Pence felt 'angry, scared and betrayed' as January 6 rioters stormed Capitol threatening to 'HANG' him, ex aide reveals
MIKE Pence felt "scared, angry, and betrayed" during the Capitol insurrection, an ex-White House staffer revealed, as rampaging protesters threatened to “hang” the former vice president.
Protesters stormed the Capitol on January 6 2021 as they railed against lawmakers certifying Joe Biden's election victory.
Five people were killed in the deadly insurrection and some officers who defended the Capitol were left battling post-traumatic stress.
Four cops who responded to the attack died by suicide.
Riled-up rioters chanted “Hang Mike Pence” while the then commander-in-chief accused his veep of lacking "courage" – hours before Pence presided over the certification of the election results.
Olivia Troye, a former staffer on the White House Coronavirus Task Force, told The Sun that she feared violence would erupt on January 6.
She said: "In the aftermath of the election, I was very concerned about violence on January 6. I was concerned for Mike Pence."
Troye said she has no doubt that Pence was "angry, scared and worried" as he was with his family when the chaos unfolded.
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She revealed: "I think the most jarring thing was seeing the gallows set up outside the Capitol and the ‘Hang Mike Pence’ chants toward someone who had remained so loyal for many years.
“He is known to the GOP as a very traditional, conservative Republican.
“You can say a lot of things about Pence, but I’m sure that he was concerned for the safety of all those who were inside the Capitol that day."
She believes the former vice president felt a sense of betrayal.
Trump was impeached for the second time after being accused of inciting an insurrection. He was acquitted in the Senate.
Footage played at the impeachment trial revealed how close the mob got to the “nuclear football”.
'SENSE OF BETRAYAL'
During the riots, Pence, his wife, and daughter were rushed out by security staff.
Secret Service agents and a military officer carrying the “nuclear football” followed closely behind.
Officials who oversee the process to launch missiles were reportedly unaware that the "football" was potentially in danger.
Impeachment manager Rep. Stacey Plaskett said: “As the rioters reached the top of the stairs, they were within 100 feet of where the vice president was sheltering with his family, and they were just feet away from one of the doors to this chamber.”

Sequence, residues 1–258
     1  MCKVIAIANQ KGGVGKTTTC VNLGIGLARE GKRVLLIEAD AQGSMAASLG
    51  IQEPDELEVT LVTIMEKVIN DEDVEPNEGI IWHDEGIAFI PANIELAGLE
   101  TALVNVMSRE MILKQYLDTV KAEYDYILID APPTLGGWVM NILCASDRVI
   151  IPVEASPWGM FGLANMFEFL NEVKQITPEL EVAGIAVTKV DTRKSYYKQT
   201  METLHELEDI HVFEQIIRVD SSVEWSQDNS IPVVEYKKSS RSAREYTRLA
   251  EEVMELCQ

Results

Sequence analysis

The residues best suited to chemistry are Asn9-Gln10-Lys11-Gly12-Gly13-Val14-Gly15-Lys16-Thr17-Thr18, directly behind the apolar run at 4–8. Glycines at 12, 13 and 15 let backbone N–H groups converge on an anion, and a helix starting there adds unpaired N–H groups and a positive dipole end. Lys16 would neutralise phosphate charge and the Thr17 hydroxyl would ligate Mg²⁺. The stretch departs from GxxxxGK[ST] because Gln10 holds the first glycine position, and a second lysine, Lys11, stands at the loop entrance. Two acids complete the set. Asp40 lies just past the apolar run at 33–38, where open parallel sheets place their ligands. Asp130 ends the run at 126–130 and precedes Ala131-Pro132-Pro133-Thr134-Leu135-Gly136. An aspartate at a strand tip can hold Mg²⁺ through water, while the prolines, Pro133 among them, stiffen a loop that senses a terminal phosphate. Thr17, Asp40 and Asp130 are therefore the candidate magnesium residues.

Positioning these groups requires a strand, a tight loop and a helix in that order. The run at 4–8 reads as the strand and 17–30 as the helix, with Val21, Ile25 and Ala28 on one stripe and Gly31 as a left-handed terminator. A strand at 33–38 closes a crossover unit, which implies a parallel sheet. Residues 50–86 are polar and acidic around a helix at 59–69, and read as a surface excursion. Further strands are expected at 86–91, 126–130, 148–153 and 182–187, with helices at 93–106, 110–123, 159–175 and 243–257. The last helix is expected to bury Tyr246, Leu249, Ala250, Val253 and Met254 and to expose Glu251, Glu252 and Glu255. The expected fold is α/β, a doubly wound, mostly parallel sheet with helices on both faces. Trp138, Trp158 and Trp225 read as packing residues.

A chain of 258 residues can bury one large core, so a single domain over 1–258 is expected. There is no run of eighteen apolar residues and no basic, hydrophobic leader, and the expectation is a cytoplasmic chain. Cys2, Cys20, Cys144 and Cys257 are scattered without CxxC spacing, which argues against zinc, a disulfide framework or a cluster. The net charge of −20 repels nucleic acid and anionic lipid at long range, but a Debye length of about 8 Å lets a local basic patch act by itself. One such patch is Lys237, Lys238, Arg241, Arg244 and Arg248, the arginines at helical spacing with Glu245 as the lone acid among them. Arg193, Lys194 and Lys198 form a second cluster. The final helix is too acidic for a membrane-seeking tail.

But, Kingston Reif, a nuclear weapons policy expert, told CNN that rioters wouldn’t have been able to initiate a launch if they got their hands on Pence’s football.
He warned: “Had they stolen the football and acquired its contents, which include pre-planned nuclear strike options, they could have shared the contents with the world.”
Reif said it would’ve been a security breach of “incomprehensible proportions”.
Lawmakers on the January 6 committee are calling for Pence to voluntarily cooperate with their investigation.
Chair Bennie Thompson told CNN Tuesday: “I would hope that he would do the right thing and come forward and voluntarily talk to the committee.”
'A DARK DAY'
The Democrat revealed that he wants Pence’s take on his experience inside the Capitol building when protesters were calling for him to be hanged.
In June, Pence told Republicans in New Hampshire that he will likely never “see eye to eye” with Trump regarding the insurrection.
He said: “As I said that day, Jan. 6 was a dark day in the history of the United States Capitol.
“You know, President Trump and I have spoken many times since we left office, and I don’t know if we’ll ever see eye to eye about that day," he continued.
"But I will always be proud of what we accomplished for the American people over the last four years."
Trump previously revealed that he was “disappointed” in Pence certifying Biden’s win.
As the one-year anniversary approaches, lawmakers have since recalled their harrowing experiences.
Congresswoman Pramila Jayapal, who serves Washington's 7th congressional district, was recovering from knee replacement surgery at the time of the riots.
She told the Associated Press: “It was terrifying. Somebody (in the gallery) was saying, ‘Do you have a key? Does anybody have a key to the doors?’
"Because we didn’t know if the doors could be locked. And so I was focused on planning my escape if I had to get out.”
She said that she couldn’t bend her knee, but had a “plan” that she was going to hit an insurrectionist in the knee with a mask, then in the other knee with a cane.”
Meanwhile, Annie Kuster, who represents New Hampshire's second congressional district, told her son that she was "running for her life" and reassured him that she would phone him back after receiving a call.
Troye said the images of the insurrection were “humiliating” to the US on the global stage.
She said: “Images of January 6 were incredibly harmful on a global scale.
“Those images were being played by foreign adversaries as images of a failing democracy, and they are being used to exploit us.
“All of that is a dangerous precedent because it’s part of our electoral system and what makes our democracy work.
“When you have the pillars of our democracy starting to erode and you have the presence of extremism, we see public confidence in our elections start to be undermined."
Olivia Troye was Mike Pence's lead staffer on the White House Coronavirus Task Force. She resigned from the White House in August 2020.
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